John Pfister (pronounced: fis-ter) knows how to throw a great party. An assistant dean in the office that looks out for first-year students, Pfister holds regular teas for the students he advises in the East Wheelock Cluster (EWC). If you're lucky enough to get on his mailing list, you'll get to read his invitations, which will warm you as much as the piping hot tea, cocoa, and other goodies featured at these gatherings. His messages always seem to speak to the heart, not to mention the mind, which makes sense considering that in his other life he teaches in the Department of Psychological and Brain Sciences. Pfister sent the following invitation for a winter term Tea with the Dean:
The best of the afternoon, fellow EWC denizens!
I was talking to a good friend the other day and I asked her what she had planned for the weekend, and she said, "Oh, not much-I might just get a good book and hunker down for the duration." I had to smile because in my family, we used the word "hunker" all the time and turned it into a bit of catchall for describing the state of "hunkerness." You could be a "hunker" (as in, "Hey, don't be hunker; get outside today!"). It could describe a state (as when you came across someone's project spread out across the floor: "Well, that's quite a hunkeration you have there!"). It could even take on weird verb forms ("Look, I don't want you to hunkerate all afternoon. You need to get outside and shovel the driveway.").
I have a real passion for these kinds of words. I collect them and love hearing how others came up with words of their own. One of my favorite books is Paul Dickson's Family Words. Here are some of my favorites:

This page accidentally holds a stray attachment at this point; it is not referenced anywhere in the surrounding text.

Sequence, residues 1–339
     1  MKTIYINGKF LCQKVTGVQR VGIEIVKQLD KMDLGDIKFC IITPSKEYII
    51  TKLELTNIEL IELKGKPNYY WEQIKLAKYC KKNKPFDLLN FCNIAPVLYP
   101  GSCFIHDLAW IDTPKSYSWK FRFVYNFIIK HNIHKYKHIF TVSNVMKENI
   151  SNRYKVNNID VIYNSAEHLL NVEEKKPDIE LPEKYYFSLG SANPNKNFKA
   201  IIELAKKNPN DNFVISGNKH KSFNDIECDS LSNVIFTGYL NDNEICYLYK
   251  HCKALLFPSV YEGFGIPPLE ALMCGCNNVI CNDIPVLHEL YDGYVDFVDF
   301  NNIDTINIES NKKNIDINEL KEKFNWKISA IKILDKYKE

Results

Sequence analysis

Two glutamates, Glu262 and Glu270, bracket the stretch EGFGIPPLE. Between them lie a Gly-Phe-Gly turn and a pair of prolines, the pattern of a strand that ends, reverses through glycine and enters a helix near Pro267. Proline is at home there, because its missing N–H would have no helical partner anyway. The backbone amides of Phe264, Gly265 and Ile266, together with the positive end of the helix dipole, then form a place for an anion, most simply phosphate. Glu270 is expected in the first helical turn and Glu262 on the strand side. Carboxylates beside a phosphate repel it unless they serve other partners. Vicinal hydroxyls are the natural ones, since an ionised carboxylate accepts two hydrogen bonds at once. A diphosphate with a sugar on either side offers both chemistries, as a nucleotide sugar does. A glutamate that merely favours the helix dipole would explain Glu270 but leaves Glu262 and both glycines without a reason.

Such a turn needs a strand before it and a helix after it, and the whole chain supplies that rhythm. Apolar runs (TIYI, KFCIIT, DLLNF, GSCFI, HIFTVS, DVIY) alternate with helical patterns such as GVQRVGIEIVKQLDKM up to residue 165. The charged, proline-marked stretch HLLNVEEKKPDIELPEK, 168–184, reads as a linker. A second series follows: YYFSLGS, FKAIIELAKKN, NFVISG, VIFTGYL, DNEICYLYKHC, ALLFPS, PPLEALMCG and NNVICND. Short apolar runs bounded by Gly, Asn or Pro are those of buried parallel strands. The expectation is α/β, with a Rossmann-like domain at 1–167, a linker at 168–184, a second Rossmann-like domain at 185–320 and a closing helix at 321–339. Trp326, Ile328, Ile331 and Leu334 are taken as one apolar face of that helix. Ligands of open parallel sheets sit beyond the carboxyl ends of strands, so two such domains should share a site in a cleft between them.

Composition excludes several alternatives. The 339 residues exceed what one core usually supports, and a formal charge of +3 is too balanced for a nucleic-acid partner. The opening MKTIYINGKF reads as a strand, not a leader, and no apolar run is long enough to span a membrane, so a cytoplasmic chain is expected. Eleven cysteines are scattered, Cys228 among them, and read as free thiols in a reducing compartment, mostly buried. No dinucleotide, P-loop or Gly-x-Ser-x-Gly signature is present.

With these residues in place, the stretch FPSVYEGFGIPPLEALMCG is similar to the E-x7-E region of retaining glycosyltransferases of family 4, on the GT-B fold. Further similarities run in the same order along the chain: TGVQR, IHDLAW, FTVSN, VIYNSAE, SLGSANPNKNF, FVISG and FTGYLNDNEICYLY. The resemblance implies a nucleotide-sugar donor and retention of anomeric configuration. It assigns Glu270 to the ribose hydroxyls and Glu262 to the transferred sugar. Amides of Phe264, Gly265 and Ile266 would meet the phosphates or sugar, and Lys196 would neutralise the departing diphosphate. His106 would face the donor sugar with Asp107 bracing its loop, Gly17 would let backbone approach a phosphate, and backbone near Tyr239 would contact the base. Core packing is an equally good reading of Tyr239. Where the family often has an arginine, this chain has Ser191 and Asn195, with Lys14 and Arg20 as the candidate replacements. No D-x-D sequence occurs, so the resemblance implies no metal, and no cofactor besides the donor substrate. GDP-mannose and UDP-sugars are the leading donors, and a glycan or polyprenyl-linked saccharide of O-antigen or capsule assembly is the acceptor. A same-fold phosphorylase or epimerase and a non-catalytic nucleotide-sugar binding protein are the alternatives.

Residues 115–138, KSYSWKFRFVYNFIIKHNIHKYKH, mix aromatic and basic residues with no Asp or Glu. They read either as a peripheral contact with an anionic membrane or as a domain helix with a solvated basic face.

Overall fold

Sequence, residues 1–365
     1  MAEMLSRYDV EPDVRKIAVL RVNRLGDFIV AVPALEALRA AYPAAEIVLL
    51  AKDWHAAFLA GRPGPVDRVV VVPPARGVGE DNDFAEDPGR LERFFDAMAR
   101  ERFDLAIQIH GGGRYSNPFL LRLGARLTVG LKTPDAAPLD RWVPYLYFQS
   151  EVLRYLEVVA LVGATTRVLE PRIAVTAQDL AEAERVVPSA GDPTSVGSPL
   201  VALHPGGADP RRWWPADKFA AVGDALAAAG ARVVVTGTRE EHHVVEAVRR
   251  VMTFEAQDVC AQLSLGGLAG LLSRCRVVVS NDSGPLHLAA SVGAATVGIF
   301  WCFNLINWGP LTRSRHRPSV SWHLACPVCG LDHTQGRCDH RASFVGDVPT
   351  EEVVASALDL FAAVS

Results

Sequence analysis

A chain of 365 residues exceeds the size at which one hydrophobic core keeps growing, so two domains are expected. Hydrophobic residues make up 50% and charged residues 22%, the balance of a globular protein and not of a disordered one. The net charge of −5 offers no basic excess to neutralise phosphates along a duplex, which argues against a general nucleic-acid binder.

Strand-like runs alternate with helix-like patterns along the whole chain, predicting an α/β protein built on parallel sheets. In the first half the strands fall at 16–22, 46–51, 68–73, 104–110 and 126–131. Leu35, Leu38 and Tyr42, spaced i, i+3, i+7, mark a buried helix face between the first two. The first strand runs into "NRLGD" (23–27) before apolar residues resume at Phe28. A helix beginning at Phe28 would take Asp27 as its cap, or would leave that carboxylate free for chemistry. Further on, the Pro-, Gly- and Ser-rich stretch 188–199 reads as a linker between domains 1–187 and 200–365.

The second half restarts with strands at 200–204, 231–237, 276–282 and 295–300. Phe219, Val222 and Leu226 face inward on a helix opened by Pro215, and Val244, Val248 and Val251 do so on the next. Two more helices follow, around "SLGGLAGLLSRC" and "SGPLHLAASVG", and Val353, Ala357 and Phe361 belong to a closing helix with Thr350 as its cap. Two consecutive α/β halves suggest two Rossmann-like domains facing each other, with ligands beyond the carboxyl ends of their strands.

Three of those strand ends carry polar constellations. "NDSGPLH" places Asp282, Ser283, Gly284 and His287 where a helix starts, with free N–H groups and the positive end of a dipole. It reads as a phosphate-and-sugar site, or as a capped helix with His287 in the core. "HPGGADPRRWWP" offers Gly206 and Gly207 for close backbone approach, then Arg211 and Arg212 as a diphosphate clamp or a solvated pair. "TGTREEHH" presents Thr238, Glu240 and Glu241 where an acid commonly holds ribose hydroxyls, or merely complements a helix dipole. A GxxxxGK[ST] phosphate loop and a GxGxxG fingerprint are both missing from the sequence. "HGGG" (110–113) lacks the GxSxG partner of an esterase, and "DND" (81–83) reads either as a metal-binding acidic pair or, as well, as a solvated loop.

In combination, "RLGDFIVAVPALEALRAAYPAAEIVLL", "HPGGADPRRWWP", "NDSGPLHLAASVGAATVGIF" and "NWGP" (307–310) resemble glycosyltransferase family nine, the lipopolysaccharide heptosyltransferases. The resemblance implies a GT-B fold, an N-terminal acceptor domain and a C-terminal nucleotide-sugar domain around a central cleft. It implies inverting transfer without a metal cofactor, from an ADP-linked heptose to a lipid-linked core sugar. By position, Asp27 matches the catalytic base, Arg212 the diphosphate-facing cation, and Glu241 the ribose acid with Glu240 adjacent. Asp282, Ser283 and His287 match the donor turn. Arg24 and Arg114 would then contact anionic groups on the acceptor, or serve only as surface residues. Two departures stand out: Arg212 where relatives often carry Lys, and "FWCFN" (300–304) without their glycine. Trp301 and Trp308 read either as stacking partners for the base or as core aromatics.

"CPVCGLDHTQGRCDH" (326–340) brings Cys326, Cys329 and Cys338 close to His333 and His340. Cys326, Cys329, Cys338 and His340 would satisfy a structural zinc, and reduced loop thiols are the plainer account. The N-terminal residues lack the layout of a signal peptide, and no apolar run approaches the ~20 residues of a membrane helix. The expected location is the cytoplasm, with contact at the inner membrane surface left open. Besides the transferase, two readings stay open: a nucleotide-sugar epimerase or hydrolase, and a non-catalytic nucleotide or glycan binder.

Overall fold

PRUTT: black sediment on the bottom of a cup of coffee.
PUCKLES: marks left on the skin by an elastic waistband.
THANK-YOU-MA'AM: a pronounced rise and fall in the road that gives a roller-coaster type thrill in a car going over 40 mph. These were once common almost everywhere but are now largely confined to asphalted back roads in the country.
Everyone has these kinds of words in their vocabulary. They describe something unique and genuine and they comfort us when we hear them. What words did you or your family make up to describe a neat idea or something a little strange? Why not drop by Tea with the Dean and share them? In the spirit of making the place a little more like home, we have a nice collection of comfort foods and, of course, a warm cup of tea. Join us to share a word, or just listen. It's a great way to meet someone new or get to know someone a little better. I look forward to seeing you there and I hope you are staying warm.
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Last Updated: 5/30/08